The staccato chopping sounds of helicopter blades echoed across the gorges, drawing everyone’s eyes skyward as the little chopper appeared as a dot on the horizon.
Anticipation ran high among the K State “deer crew” as the early morning light revealed the day’s first two Scott Co. Kansas deer suspended safely below the craft. Even though it was blasted cold and we were all bundled up like snowmen, the moment the deer were laid gently on the ground, the crew rushed forward with all the enthusiasm of the doctors and nurses on MASH as they ran up the hill to retrieve their patients from the choppers.
The three year western KS deer research project I wrote about last winter has just entered its second year and the task at hand last weekend was capturing and tagging additional deer for the study. As their headquarters for the day, Kansas State Professor of Wildlife and Outdoor Enterprise Management Drew Rickets and his student crew had chosen this high open knoll in a rolling desolate pasture northeast of Scott City surrounded by deep, winding, brushy draws.
A sizeable tent was erected to hold examination tables and equipment. This year the goal was to capture, tag and collar an additional 30 does near Scott City and an additional 30 farther north near Lenora, KS. Only enough bucks will be collared at each site to replace bucks lost last year through harvesting, motor vehicle accidents or natural causes. The deer selected for capture will be divided evenly between whitetails and mule deer.
Three guys make up the helicopter crew, the pilot, a “gunner” and a “mugger.” The pilot cruises the draws and hillsides and when a deer is sighted, he puts the chopper over the deer so the gunner can shoot a large net that encompasses the animal and puts it safely on the ground. The helicopter lands and drops off the mugger to prepare the deer for transport while the pilot and gunner take to the air again in search of another. The deer is given a mild sedative and all four legs are tied together with a leather belt, then it gets a blindfold and is rolled out of the net into a heavy canvass transport bag. After the gunner nets a second deer, he is dropped off to prepare that one while the chopper picks up the mugger and the first deer. Finally, the gunner and second deer are picked up and both deer are flown back to the tent. Captured bucks are given a GPS tracking collar by the helicopter crew and released where they are captured.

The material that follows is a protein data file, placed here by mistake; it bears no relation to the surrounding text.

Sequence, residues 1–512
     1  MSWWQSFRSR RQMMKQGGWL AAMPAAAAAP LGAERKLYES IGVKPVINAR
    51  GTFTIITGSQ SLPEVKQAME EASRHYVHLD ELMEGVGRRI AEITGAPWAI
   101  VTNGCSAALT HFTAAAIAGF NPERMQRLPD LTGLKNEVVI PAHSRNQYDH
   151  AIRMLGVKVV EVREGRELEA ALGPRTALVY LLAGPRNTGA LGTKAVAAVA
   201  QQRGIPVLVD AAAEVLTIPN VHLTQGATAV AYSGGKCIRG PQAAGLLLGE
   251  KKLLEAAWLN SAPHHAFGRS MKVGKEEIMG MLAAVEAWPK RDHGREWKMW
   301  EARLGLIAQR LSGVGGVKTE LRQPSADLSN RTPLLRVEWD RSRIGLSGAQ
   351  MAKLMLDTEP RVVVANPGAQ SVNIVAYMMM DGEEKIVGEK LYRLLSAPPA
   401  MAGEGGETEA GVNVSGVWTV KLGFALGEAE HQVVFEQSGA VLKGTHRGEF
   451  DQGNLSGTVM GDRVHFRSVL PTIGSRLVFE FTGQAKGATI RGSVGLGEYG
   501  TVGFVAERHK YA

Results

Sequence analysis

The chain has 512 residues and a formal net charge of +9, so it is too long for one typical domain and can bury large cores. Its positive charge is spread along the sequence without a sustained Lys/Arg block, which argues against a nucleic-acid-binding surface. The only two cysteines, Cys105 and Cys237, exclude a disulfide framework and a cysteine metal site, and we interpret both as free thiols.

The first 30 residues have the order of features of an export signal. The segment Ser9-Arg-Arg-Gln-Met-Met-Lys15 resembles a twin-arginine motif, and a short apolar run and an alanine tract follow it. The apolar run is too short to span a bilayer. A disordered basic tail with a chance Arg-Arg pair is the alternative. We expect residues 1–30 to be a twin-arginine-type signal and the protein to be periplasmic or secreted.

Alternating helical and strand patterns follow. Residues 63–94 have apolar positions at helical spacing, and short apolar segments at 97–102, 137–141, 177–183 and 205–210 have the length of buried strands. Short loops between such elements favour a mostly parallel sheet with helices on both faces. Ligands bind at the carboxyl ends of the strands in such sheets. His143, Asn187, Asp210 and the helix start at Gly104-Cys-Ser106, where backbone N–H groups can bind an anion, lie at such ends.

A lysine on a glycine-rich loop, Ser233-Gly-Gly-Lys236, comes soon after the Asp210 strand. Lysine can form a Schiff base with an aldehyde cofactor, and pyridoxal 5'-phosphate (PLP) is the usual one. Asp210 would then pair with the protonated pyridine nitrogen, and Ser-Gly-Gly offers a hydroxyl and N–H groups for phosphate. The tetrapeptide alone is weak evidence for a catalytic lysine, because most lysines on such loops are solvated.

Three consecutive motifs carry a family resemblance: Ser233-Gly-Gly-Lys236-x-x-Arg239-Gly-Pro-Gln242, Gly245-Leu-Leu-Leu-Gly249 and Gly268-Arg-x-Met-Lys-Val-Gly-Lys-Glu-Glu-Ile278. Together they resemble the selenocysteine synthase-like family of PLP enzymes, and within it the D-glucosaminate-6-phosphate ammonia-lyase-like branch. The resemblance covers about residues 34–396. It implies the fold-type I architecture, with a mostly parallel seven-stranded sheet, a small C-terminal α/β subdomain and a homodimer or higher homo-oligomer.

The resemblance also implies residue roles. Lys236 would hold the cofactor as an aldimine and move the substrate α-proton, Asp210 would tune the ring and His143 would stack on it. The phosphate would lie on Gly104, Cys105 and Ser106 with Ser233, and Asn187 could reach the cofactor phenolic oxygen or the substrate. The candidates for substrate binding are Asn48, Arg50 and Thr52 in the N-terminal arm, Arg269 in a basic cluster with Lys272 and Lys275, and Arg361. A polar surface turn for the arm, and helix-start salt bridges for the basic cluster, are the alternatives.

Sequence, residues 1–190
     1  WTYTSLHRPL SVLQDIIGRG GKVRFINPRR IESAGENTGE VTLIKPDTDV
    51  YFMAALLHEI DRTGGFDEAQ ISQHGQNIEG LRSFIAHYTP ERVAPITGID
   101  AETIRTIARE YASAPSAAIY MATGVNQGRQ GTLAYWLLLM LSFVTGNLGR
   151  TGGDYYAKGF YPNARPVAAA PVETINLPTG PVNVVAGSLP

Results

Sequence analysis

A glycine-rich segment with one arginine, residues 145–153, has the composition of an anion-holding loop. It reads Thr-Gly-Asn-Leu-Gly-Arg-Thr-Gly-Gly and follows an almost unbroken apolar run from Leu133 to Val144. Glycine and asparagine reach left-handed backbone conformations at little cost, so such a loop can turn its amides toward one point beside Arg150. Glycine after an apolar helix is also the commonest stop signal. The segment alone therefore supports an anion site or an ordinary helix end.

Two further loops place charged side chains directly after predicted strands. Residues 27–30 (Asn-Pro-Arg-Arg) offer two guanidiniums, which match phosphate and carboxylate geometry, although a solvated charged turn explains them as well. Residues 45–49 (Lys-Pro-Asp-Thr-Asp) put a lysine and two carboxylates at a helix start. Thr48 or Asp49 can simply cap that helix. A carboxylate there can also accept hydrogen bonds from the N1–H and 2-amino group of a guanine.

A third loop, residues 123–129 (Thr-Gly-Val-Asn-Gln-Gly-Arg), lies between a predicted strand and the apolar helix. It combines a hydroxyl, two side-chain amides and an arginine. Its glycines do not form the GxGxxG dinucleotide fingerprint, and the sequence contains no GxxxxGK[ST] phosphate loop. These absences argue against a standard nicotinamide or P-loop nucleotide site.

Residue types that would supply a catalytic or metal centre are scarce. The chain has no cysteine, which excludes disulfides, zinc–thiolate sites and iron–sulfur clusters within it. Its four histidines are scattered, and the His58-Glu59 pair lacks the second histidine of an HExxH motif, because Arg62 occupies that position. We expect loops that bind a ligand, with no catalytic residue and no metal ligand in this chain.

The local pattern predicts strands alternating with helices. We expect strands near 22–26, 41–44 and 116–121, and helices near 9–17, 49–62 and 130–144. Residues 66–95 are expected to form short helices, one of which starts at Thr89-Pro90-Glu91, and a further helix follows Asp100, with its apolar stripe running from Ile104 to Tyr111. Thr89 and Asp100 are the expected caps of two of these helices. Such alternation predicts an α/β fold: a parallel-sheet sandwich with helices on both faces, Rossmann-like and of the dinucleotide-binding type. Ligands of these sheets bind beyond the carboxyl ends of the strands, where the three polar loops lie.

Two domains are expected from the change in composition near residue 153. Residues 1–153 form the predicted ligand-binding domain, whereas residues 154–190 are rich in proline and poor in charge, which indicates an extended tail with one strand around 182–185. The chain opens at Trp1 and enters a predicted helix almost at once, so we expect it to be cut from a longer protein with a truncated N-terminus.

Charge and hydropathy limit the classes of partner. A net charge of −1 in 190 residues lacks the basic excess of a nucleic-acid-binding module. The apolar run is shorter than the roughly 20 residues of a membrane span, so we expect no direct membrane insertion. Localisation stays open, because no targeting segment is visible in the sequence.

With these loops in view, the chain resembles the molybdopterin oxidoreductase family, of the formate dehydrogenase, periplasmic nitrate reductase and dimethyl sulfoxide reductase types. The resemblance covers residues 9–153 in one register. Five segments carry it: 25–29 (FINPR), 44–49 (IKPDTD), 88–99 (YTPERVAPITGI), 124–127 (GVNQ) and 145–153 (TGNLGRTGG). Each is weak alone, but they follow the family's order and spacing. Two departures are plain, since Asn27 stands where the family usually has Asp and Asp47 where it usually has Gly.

Does taken to the tent site are rolled onto wooden stretchers, weighed and laid on a table in the tent. Again, with all the eagerness of Trapper, BJ and Hotlips on MASH, the crew sets to work. While a couple students gently hold the deer on its side, a veterinarian gives her a sonogram to determine if she’s pregnant, she’s given an ear tag and a GPS collar, various measurements of her body are recorded, and if she’s pregnant a vaginal transmitter is implanted that will begin transmitting when she enters labor so the fawn can be found, collared and tracked also. Finally, a paint mark is put on her back so she’s not recaptured by the chopper crew, and she’s released outside.
The study began as a means to help KS Dept of Wildlife, Parks and Tourism biologists understand why mule deer are steadily regressing westward and being replaced by whitetails. Joyce and I spent a couple days at Scott City last May helping the group track and find fawns, and I was honored to be allowed to participate in this part of the project as well, as the exuberance and attention to detail by these college students running the study is infectious to say the least. The only thing lacking from my experience was a chance to ride in the chopper as the pilot threaded his way through the brushy canyons like Luke Skywalker in Star Wars!…Continue to Explore Kansas Outdoors.
Steve Gilliland, Inman, can be contacted by email at firstname.lastname@example.org.